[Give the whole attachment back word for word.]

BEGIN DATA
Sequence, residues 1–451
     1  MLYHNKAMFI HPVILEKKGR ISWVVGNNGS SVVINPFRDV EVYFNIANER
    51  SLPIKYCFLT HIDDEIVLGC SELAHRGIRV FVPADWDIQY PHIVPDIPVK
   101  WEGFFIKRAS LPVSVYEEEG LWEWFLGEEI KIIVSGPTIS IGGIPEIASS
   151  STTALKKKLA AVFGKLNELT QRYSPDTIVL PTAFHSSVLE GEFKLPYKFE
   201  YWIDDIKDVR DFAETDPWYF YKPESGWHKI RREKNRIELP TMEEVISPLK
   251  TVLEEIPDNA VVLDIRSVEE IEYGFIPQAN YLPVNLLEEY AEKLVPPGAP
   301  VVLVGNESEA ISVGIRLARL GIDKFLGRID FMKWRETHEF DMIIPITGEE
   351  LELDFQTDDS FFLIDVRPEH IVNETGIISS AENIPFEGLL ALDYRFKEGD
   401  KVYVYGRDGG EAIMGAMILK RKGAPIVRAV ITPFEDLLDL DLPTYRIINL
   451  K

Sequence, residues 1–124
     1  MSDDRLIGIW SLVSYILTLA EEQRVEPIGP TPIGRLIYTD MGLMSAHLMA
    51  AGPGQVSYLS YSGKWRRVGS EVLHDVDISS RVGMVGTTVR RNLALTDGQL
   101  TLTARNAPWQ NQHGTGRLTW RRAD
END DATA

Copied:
Sequence, residues 1–451
     1  MLYHNKAMFI HPVILEKKGR ISWVVGNNGS SVVINPFRDV EVYFNIANER
    51  SLPIKYCFLT HIDDEIVLGC SELAHRGIRV FVPADWDIQY PHIVPDIPVK
   101  WEGFFIKRAS LPVSVYEEEG LWEWFLGEEI KIIVSGPTIS IGGIPEIASS
   151  STTALKKKLA AVFGKLNELT QRYSPDTIVL PTAFHSSVLE GEFKLPYKFE
   201  YWIDDIKDVR DFAETDPWYF YKPESGWHKI RREKNRIELP TMEEVISPLK
   251  TVLEEIPDNA VVLDIRSVEE IEYGFIPQAN YLPVNLLEEY AEKLVPPGAP
   301  VVLVGNESEA ISVGIRLARL GIDKFLGRID FMKWRETHEF DMIIPITGEE
   351  LELDFQTDDS FFLIDVRPEH IVNETGIISS AENIPFEGLL ALDYRFKEGD
   401  KVYVYGRDGG EAIMGAMILK RKGAPIVRAV ITPFEDLLDL DLPTYRIINL
   451  K

Sequence, residues 1–124
     1  MSDDRLIGIW SLVSYILTLA EEQRVEPIGP TPIGRLIYTD MGLMSAHLMA
    51  AGPGQVSYLS YSGKWRRVGS EVLHDVDISS RVGMVGTTVR RNLALTDGQL
   101  TLTARNAPWQ NQHGTGRLTW RRAD